WATCH: Balangay team sails from Sulu to China to retrace maritime heritage

Zak Yuson
WATCH: Balangay team sails from Sulu to China to retrace maritime heritage
The mission of the Balangay team is both symbolic and purposeful – rekindle a passion for the seas and our maritime heritage

MANILA, Philippines – From the mountains of the Himalayas to the seas of Sulu, Art Valdez has literally ‘been there and done that’. A former expedition leader of the first Philippine team to summit Mt Everest, Valdez is currently in Cawit, Zamboanga City preparing for the next leg of a journey to China by sea. 

Valdez and other members of the Balangay Expedition team are making the month-long journey from Maimbung, Sulu to China. They will retrace the historic route of Sultan Paduka Batara who, as legend goes, embarked on a trade and cultural mission to China in 1417. On his return journey, Batara died and was buried in Dezhou, a towin in the province of Shandong, where his tomb remains to this day. 

More than just looking at the past, Valdez says the expedition is about what matters to Filipinos in the present.

“We are an archipelago, we are a maritime people. Our real wealth lies in our maritime domain, it was colonialism that made us think that we are land-based people,” Valdez said.


The team, which includes expedition doctor Ted Esguerra, photographer Fung Yu, and members of the 1st Philippine Everest team, are traveling on two wooden boats – the Sultan sin Sulu and the Lahi ng Maharlika – replicas of the balangay boats of yore which were built by Sama Dilaya master boat builders. With no engine and only solar power for their mobile devices and equipment, the crew will have to rely on the wind and Mother Nature to carry them safely across the seas.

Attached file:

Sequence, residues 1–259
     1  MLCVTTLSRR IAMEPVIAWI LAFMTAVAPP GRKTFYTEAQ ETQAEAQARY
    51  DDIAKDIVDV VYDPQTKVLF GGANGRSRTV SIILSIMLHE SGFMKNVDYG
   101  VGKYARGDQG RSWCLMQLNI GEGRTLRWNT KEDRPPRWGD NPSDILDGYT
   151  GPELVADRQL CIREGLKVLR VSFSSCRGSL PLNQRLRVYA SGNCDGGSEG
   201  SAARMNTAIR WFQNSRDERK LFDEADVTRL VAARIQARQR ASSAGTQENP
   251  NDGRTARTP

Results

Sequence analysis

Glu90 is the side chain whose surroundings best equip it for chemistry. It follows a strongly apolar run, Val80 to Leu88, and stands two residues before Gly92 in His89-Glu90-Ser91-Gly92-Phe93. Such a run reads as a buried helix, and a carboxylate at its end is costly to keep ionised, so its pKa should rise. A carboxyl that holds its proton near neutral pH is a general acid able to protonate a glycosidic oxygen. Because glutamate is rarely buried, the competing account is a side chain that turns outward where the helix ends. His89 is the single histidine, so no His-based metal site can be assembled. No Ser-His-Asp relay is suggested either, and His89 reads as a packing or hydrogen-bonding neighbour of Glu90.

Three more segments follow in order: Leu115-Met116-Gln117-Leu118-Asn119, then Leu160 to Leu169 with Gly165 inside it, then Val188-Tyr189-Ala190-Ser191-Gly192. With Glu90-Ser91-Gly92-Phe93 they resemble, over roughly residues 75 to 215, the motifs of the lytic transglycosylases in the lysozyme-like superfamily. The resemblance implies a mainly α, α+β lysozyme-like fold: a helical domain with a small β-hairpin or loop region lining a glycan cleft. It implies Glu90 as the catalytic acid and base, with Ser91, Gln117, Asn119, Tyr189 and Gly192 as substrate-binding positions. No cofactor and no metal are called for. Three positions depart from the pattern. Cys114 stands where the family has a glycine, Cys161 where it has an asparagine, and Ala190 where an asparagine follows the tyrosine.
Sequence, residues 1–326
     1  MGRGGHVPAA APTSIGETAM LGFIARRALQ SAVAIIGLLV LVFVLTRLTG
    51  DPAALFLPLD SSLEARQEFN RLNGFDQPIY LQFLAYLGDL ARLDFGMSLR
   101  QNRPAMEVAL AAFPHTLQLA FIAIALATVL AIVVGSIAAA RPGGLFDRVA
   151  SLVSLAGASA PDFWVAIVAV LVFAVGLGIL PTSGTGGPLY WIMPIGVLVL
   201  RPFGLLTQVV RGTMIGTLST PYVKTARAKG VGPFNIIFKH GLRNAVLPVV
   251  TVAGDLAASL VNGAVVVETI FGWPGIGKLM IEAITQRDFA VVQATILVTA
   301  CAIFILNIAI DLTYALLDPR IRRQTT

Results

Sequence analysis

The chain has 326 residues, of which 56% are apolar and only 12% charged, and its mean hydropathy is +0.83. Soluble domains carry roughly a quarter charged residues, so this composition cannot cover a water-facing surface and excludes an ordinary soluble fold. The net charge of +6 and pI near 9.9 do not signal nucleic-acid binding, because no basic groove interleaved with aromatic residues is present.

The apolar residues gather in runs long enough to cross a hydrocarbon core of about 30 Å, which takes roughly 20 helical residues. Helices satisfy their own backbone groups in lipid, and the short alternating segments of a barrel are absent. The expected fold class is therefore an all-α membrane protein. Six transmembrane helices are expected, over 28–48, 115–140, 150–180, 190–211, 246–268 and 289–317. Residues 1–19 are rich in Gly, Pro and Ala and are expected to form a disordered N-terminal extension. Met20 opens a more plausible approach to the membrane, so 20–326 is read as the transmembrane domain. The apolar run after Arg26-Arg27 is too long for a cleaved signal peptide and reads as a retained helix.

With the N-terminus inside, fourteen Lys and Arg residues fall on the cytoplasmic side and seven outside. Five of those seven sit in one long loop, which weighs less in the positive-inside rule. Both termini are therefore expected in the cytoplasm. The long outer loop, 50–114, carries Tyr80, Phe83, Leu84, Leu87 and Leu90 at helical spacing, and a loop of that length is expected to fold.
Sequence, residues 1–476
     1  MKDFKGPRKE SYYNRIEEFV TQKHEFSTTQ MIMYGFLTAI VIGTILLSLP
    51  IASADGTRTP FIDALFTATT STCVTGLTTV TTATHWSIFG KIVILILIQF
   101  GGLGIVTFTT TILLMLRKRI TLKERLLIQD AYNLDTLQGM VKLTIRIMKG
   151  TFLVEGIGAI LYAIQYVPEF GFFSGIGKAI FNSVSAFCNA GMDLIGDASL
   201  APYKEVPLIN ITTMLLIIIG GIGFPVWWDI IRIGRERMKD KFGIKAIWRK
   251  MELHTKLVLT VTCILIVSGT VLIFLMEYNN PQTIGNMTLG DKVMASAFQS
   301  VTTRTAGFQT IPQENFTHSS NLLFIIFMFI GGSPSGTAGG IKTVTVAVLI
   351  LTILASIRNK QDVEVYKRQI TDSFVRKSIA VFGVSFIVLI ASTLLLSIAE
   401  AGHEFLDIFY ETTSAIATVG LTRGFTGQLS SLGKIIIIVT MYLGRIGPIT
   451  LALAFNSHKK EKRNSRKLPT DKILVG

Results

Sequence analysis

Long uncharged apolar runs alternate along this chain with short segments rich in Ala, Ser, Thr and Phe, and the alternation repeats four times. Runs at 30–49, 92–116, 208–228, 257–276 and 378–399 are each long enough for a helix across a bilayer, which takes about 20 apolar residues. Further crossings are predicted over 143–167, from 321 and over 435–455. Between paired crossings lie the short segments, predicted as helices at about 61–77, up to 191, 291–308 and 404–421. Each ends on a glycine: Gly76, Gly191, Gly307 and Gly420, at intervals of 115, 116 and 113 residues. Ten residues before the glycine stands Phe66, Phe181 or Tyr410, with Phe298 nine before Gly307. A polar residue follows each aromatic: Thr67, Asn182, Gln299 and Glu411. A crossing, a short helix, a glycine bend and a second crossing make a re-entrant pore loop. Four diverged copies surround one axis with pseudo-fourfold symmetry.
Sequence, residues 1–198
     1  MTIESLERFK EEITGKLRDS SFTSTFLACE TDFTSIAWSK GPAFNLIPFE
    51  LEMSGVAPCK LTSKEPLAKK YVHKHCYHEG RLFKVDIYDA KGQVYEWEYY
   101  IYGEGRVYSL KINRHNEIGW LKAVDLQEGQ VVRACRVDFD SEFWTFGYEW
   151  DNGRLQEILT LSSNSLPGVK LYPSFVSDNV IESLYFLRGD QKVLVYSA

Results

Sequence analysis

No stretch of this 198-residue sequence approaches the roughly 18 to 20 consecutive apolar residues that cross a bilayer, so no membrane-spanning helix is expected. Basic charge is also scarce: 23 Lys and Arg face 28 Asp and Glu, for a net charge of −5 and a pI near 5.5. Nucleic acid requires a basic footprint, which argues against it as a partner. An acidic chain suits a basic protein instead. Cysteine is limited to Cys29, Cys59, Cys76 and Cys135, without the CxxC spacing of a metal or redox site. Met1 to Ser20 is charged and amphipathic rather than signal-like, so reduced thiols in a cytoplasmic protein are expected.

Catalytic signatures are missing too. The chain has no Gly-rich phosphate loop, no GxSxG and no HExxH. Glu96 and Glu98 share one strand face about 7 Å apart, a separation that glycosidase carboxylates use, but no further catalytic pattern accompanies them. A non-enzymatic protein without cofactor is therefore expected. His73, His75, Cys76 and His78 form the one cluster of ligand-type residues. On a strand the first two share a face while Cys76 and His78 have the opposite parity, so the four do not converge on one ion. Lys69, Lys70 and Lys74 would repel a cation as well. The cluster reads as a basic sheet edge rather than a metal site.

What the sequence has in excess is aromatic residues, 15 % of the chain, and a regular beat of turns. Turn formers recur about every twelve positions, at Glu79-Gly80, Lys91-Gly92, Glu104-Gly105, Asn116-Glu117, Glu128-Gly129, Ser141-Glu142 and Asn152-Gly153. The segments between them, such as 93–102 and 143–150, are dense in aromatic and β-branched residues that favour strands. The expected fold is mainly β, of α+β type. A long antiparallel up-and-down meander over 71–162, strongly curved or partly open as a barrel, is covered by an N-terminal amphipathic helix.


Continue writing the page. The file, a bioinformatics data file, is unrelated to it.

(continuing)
An earlier attempt in 2010 had to be aborted due to unfavorable weather. “Naabutan kami ng amihan noon, against the wind, ‘di namin kaya umabot ng China,” Valdez said. (We encountered a shift in the monsoon wind. We were against the wind and couldn’t reach China.)

PEACE JOURNEY. Expedition leader Art Valdez receives a peace textile from former Sulu governor Sakur Tan. Photo by Fung Yu  

For Valdez and his team, the mission is both symbolic and purposeful. They want Filipinos to rekindle a passion for the seas and value our maritime culture and economic heritage.

We do this to commemorate the prowess of our ancestors in the maritime theater. We were sailing over the Pacific and Indian Oceans way before the colonials reached our shores. We were really the boat people,” Esguerra wrote in a Facebook post. 

“It (the expedition) can bring home a message to our leaders that this is symbolic of what Filipinos can accomplish to lift this country when we enhance and develop our vast resources,” according to Valdez. 

“We are more water than land,” Valdez said, hoping that the government will improve the country’s maritime infrastructure and create a Department of Maritime Affairs. –

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